But we were here for something special - a week-long cooking class."

Personnally I's avoid St. Paul de Vence which sadly is now a bus-ridden tourist destination. When we were there a bus of Aussies were ahead of us and a bus of Japanese were behind us. Hard not to feel herded even though we weren't part of one of the herds. Go inland, e.g. Grasse - perfume capital, to avoid some of the coastal crowds.

One final recommendation would be, if your focus is the south of France, pick a centralized, comfortable, charming place to stay like the Mas mentioned above. My point is you won't want to change "hotels" every day and it's wonderful, after fighting the crowds, to return to a quiet, charming haven.

Hope this helps. Bon voyage!
wardtook is offline  
Jun 2nd, 2008, 11:17 PM
Original Poster
Join Date: May 2008
Posts: 2
thx for all answer, im Thai and just want some idea about a trip in France cuz i have no idea about France in summer ... thx for wardtook's answer i think it's a great trip..(i need to go to Paris cuz my friend want to go so much!!!)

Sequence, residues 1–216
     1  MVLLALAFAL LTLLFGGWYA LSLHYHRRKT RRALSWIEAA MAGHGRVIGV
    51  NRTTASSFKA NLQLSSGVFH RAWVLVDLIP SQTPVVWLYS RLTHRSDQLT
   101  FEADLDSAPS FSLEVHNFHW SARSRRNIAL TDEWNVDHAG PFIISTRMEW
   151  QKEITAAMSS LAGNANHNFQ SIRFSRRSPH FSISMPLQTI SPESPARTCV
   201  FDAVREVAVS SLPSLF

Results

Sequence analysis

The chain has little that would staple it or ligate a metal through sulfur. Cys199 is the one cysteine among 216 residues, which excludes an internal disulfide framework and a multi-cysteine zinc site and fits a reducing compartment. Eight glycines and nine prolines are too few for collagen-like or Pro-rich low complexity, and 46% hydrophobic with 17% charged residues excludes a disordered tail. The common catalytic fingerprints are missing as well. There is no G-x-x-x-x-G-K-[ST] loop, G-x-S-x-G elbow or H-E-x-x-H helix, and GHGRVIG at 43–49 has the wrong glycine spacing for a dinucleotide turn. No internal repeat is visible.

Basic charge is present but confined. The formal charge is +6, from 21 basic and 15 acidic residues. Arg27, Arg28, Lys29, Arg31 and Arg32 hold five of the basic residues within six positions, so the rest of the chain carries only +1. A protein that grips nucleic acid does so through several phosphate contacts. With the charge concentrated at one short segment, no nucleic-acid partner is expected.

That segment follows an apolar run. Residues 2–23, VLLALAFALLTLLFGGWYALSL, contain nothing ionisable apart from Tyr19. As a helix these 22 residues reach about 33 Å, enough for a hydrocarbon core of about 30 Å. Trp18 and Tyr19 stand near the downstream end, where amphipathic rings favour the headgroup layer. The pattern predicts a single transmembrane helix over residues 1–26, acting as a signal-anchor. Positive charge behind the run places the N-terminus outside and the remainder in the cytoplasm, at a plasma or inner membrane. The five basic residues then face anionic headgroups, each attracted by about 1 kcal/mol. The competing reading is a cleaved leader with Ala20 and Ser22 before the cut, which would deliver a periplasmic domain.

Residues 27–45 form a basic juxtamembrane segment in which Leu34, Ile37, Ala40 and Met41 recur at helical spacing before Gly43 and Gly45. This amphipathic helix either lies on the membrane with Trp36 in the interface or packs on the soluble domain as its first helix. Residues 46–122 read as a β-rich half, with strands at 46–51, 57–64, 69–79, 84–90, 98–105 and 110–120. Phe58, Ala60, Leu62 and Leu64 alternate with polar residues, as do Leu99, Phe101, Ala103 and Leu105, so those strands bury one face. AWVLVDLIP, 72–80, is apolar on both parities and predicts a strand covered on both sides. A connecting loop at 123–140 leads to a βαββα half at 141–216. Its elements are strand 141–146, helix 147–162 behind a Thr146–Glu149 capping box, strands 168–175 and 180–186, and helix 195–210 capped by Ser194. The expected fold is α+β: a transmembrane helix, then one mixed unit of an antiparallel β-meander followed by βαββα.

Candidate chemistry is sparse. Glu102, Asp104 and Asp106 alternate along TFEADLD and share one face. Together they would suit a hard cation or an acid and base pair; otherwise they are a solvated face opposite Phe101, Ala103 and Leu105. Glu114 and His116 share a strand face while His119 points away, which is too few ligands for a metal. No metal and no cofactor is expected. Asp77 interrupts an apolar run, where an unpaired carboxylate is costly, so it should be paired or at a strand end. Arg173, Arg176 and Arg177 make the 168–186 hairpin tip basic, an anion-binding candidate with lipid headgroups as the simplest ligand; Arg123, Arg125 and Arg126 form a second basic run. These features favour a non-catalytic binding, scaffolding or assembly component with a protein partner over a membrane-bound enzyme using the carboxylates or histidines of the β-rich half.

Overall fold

hohiohnor_p is offline  
Jun 3rd, 2008, 05:22 AM
Join Date: Jan 2003
Posts: 4,699
Go get a guidebook and read through some of the posts here about the cities you are interested in.
sandi_travelnut is offline  
Jun 3rd, 2008, 05:35 AM
Join Date: Feb 2003
Posts: 357
<<Go get a guidebook and read through some of the posts here about the cities you are interested in.>>

Good idea and once you pick your cities, do a search on here for them. You would be amazed on how many topics this forum has and all good information. Search box is on upper left under Fodor's as I type this.

We could help fine tune your choices but we would need more information, as to what previous posters have requested besides your August trip with desired cities.

ciaodeb is offline  
Jun 3rd, 2008, 06:06 AM
Join Date: Jan 2003
Posts: 45,843
I'm sure any number of France experts could create a 10-day itinerary given the places you want to visit, but why would you want someone else's trip when you can at least begin to plan your own, knowing your own proclivities for travel and what you enjoy doing and seeing?

If you're plugged into Fodors, you can just as easily scour the web for basic information to get you started forming the outline of your trip. Then, people here can help you refine it.

The lavender, by the way, will be done by August.
StCirq is online now